We saw that this number is 2.15% for events as extreme as 1.
The 5% FP rate we have pre-set is in-between these two numbers.
The effect of the rule</p>
<blockquote>
<p>Reject when p-value < 5%</p>
</blockquote>
<p>under a
<a href="https://en.wikipedia.org/wiki/List_of_probability_distributions#Discrete_distributions">discrete distribution</a>
is that our actual FP rate can be much smaller than 5%.
That means less-than-specified, conservative FP rates.</p>
<p>In our case, the sample size impacts the gap
because it is an explicit parameter
of the binomial distribution.
The gap becomes negligible as the number of coin tosses
grows, as we can see below.
It remains consistently below 5% after
the sample size becomes bigger than 37;
that sample size threshold is 624 if we want
to guarantee a gap less than 1%.</p>
<p><img src="/images/hypothesis-testing/tail-prob-gap.png" alt="" /></p>
<h3 id="can-we-do-something-about-it">Can we do something about it?</h3>
<p>We saw that by bounding the gap on tail probabilities
of a binomial distribution we bound the conservative
bias of our test.
But, until now, for our case,
the only solution is to increase the sample size.
What if we can not gather more data?
We want a test which always obeys the pre-set
FP rate.</p>
<p>We can think about the FP rate as the
<a href="https://en.wikipedia.org/wiki/Expected_value#Finite_case">expected value</a>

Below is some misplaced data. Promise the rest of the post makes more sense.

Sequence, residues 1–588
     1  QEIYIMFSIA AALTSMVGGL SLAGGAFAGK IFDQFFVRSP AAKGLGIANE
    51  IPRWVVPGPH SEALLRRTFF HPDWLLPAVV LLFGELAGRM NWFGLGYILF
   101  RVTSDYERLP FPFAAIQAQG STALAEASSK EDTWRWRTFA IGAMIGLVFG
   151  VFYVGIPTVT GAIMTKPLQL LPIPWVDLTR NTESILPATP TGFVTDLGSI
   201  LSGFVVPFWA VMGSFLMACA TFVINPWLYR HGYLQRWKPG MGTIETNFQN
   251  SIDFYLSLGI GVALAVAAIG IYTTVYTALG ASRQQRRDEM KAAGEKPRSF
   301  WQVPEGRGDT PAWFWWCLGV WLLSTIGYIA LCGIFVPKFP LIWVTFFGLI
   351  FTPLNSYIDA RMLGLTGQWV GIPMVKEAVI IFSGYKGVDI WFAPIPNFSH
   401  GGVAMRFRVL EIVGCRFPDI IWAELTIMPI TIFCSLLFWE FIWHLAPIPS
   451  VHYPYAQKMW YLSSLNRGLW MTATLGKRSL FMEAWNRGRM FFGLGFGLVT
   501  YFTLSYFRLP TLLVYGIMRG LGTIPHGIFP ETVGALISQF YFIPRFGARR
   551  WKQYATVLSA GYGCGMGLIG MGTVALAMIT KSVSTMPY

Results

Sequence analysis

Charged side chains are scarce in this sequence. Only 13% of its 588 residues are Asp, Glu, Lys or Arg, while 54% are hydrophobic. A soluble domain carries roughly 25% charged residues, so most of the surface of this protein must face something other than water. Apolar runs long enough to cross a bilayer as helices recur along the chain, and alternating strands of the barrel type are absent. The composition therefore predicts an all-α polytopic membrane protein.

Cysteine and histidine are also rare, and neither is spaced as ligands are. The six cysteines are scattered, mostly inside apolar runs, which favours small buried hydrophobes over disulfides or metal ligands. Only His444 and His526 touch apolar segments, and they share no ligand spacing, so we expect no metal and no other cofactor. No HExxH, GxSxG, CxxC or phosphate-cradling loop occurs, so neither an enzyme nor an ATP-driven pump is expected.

of a <strong>decision function</strong>.
We’ve been using a function like that
without realizing it because it’s trivial:</p>
<ul>
<li>Decision is 1 when p-value is less than 5%;</li>
<li>Otherwise, decision is 0.</li>
</ul>
<p>The (actual) FP rate is the expected value of this function:</p>
<script type="math/tex; mode=display">% <![CDATA[
\begin{equation}
1 \cdot P(\text{p_value} < 5\%) +
0 \cdot P(\text{p_value} \geq 5\%) =
P(\text{p_value} < 5\%).
\end{equation} %]]></script>
<p>Now, it’s easier to see the problem:
<script type="math/tex">% <![CDATA[
P(\text{p_value} < 5\%) %]]></script> doesn’t necessarily
yield 5% for discrete distributions as it was intended
because of the gap problem we’ve discussed.
In order to fix that, the idea is to randomize
the decision function
(w.p. is short for “with probability”):</p>
<ul>
<li>If p-value < 5%, decision is 1 w.p. <script type="math/tex">\gamma</script> and 0 w.p. <script type="math/tex">1 - \gamma</script>;</li>
<li>Otherwise, decision is 1 w.p. <script type="math/tex">1 - \gamma</script> and 0 w.p. <script type="math/tex">\gamma</script>.</li>
</ul>
<p>The constant <script type="math/tex">\gamma</script> is just a number
chosen so that the actual FP rate, the expectation</p>
<script type="math/tex; mode=display">% <![CDATA[
\begin{equation}
\gamma \cdot P(\text{p_value} < 5\%) +
(1 - \gamma) \cdot \left[1 - P(\text{p_value} < 5\%)\right],
\end{equation} %]]></script>
<p>equals the pre-specified FP rate, say <script type="math/tex">\alpha</script>. Solving it for <script type="math/tex">\gamma</script>:</p>
<script type="math/tex; mode=display">% <![CDATA[
\begin{equation}
\gamma = \frac{1 - \alpha - P(\text{p_value} < 5\%)}{1 - 2 P(\text{p_value} < 5\%)},
\end{equation} %]]></script>
<p>In our case, for 10 coin tosses,
the probability of hitting the threshold rule
“p-value < 5%” is 2.15%, and it is related to
observing 1 or 10 heads.
Plugging that in the formula above, we obtain
<script type="math/tex">\gamma = 97.02\%</script>.
Therefore, when we think we “saw something” (p-value < 5%),
we only decide to reject the null hypothesis in 97.02%
of the time.
We “flip a coin” with probability <script type="math/tex">\gamma</script> to decide.
Randomizing a decision may seen odd,
but our expectation is that acting
consistently according to this new rule,
we will have better control over the FP rate.</p>
<p>That is in fact what happens in the long run.